US Government Awards Millions to HPE, Intel, and Others in Hopes They’ll Build Next-Gen Supercomputers

To try and edge the United States ahead of other countries in the arms race of building supercomputers, the Department of Energy today awarded a total of $258 million in funding to HPE, Cray, AMD, Intel, IBM, and Nvidia. The money will be put toward developing exascale computers, which are capable of a billion billion calculations per second.

The $258 million in funding will be allocated over a three-year contract period. Each company has also agreed to provide at least 40 percent of their individual total project costs, for a total investment of $430 million. Exascale computing can transcend the limits of regular computing. These limits include big data too large to ingest, outdated systems, and large energy consumption.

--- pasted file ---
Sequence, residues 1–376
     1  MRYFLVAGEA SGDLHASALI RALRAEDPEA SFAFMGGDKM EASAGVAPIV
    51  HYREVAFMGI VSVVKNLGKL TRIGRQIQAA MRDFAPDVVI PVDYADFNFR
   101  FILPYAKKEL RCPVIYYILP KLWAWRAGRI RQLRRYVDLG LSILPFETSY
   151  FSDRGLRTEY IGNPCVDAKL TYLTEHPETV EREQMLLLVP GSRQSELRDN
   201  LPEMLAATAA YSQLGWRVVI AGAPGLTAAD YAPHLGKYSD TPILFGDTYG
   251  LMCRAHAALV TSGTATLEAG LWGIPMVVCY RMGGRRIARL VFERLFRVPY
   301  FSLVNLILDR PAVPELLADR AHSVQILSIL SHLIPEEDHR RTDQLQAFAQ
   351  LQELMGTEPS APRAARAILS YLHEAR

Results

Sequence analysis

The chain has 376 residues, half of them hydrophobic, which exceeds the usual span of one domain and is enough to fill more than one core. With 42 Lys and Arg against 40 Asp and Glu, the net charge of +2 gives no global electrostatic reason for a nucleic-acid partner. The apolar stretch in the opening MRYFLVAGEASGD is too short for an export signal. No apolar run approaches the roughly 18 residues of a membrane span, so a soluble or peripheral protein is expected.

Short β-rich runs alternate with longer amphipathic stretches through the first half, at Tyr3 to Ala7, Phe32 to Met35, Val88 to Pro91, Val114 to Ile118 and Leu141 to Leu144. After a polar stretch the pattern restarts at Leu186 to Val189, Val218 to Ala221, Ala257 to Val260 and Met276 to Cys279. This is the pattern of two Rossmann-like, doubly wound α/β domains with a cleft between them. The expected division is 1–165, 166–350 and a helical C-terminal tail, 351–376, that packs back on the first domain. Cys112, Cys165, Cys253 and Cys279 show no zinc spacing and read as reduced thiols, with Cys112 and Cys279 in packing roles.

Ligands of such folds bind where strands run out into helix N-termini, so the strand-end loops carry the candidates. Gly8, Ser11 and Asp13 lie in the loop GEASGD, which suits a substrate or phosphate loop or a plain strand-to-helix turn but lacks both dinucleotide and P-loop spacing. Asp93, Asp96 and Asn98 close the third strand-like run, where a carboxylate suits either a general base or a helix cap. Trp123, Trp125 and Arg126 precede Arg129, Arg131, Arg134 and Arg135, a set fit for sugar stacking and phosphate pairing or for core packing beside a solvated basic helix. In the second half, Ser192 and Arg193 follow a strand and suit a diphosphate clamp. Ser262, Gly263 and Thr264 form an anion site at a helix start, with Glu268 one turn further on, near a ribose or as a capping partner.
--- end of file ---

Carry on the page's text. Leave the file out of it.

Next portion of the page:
Engineers are concentrating on increasing the energy efficiency of these machines while boosting memory capacity for overall higher performance levels. They estimate they’ll need systems that are 10 times faster than today’s very best prototypes. The sheer performance capabilities of exascale computing could potentially deliver breakthroughs in many areas, ranging from the financial sector to scientific discovery.

In May, HPE announced the largest single-memory computer to date and the company’s biggest R&D program, calling it The Machine. HPE estimates that the memory-driven computing architecture could scale to 4,096 yottabytes, or 250,000 times the size of the digital universe today.
The other US-based companies that won the grant besides HPE will be in friendly competition, with the exception of one ally which Mannel wouldn’t name. Although developments may be decades away from commercialization, the final plan is to make these technologies available to the public, not just for military and government use.

Read more at The Verge